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If the SpO2 probe is too tight, it may detect non-arterial pulsations, resulting in venous pulsations on the finger. Venous pulsation can also be caused by right heart failure, tricuspid regurgitation, and the hemostatic band of the blood pressure cuff above the probe. Cardiac arrhythmias can lead to inaccurate measurement results, especially in the presence of obvious defects in the apex/radial bone. The use of venous dyes in diagnosis and hemodynamic testing may result in inaccurate estimates of oxygen saturation, which are generally lower. The effects of skin pigmentation, jaundice, or elevated levels of bilirubin should also be considered.

Continuous use of SpO2 probes may cause blisters on the fingertip, causing pressure damage to the skin or nail bed

Continued use of SpO2 probes carries the risk of burns, and the probe should be repositioned every two to four hours. If the probe is placed on a paralyzed limb, the patient may not be able to alert staff to any discomfort or potential burns.

Optical shunting affects accuracy and occurs when the sensor is improperly placed so that light travels directly from the LED to the photodetector without passing through the vascular bed.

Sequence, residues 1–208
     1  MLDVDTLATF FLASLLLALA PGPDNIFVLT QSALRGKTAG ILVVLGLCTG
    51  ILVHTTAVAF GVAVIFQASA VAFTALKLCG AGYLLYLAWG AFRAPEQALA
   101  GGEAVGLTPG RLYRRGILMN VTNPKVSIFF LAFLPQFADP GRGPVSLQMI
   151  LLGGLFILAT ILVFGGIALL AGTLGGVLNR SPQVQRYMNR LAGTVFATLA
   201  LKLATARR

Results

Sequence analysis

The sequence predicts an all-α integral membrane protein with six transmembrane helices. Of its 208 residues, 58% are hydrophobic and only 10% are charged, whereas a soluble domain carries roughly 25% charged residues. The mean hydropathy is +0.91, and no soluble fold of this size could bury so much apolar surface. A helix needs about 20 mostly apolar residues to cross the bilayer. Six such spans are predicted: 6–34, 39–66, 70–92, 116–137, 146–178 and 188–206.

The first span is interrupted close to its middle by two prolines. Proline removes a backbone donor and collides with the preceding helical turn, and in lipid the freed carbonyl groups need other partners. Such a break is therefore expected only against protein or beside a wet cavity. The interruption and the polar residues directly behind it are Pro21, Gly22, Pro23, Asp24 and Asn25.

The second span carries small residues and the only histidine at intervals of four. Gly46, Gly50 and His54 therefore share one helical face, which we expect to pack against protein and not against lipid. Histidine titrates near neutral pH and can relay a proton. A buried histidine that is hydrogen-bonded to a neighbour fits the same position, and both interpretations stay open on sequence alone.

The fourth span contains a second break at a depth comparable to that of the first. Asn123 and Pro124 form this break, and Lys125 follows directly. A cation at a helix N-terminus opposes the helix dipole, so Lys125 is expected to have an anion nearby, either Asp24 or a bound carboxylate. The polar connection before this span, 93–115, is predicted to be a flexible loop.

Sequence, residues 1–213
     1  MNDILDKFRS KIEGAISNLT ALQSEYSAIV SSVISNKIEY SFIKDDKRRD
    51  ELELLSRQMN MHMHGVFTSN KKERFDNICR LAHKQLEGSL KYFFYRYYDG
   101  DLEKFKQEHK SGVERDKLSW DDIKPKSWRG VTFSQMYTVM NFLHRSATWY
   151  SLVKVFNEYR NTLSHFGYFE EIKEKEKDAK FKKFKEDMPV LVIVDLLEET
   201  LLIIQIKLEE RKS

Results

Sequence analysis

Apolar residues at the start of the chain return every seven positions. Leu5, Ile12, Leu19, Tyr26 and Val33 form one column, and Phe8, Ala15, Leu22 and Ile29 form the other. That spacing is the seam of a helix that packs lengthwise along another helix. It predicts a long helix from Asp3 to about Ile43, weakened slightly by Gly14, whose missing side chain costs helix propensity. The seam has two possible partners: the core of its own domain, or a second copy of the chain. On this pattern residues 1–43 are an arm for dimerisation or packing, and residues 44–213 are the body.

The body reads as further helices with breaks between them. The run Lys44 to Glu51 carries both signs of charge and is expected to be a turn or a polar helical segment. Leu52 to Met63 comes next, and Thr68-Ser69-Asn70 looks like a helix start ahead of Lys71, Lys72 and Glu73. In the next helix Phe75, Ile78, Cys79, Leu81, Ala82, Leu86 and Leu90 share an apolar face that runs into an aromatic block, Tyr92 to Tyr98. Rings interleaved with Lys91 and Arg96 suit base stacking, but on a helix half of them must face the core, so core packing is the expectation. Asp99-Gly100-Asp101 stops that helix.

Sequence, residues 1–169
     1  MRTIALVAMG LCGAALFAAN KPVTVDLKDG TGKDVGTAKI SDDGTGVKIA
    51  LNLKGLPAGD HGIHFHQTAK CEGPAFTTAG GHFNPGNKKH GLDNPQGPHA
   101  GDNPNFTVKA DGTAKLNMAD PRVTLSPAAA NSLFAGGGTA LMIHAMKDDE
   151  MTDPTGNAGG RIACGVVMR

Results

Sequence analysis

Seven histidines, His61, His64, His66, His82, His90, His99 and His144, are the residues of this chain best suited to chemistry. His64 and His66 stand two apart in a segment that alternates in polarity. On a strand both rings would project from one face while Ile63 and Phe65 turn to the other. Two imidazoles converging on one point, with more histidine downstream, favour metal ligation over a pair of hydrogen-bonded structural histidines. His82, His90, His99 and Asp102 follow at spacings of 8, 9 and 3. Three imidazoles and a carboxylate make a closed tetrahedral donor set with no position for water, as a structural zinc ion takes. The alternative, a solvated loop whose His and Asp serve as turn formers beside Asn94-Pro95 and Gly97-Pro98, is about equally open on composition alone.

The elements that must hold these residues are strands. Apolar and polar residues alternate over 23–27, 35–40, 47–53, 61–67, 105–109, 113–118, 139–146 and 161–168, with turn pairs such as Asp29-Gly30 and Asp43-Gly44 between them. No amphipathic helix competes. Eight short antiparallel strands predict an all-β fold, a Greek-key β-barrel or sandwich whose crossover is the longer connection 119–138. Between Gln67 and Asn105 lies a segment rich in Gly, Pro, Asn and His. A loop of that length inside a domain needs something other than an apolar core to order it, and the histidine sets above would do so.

In many nursing environments, monitoring heart rate, arterial oxygen saturation, respiratory rate, and activity is a standard part of patient care to detect complications or deterioration. The current methods for measuring these vital signs require the use of blood oxygen sensors on the skin or devices strapped to the body. However, these contact sensors can cause harm and discomfort to patients with fragile skin, such as newborns.

Proper use of SpO2 probes is crucial

According to data from the World Health Organization, to obtain the most accurate readings on a pulse oximeter, simply place the SpO2 probe correctly, sit still, remove nail polish, and avoid interfering with pulse oximetry readings. A pulse oximeter is a small device that can quickly and easily measure the oxygen saturation or oxygen content in your blood. The probe or sensor on these devices looks like a plastic clothespin that can be placed on your fingertips, toes, or ear lobes. The small screen on the probe displays estimated oxygen levels for your limbs or other parts of your body.

In medical situations, blood oxygen monitoring can be crucial, with SpO2 probes being an important indicator of patient oxygen levels. Regular use of a pulse oximeter to monitor patients can help doctors detect potentially dangerous oxygen levels in a timely manner due to poor blood circulation that can cause abnormal breathing. If you experience shortness of breath or your home pulse oximeter shows your blood oxygen levels at 95% or below, it's best to call your doctor immediately. If you have severe shortness of breath, persistent chest pain or pressure, sudden confusion, these may be signs of complications such as pneumonia. Some of these symptoms, including dizziness, nausea, slurred speech, weakness on one side, and drooping of one side of the face, may also be warning signs of heart disease or stroke.

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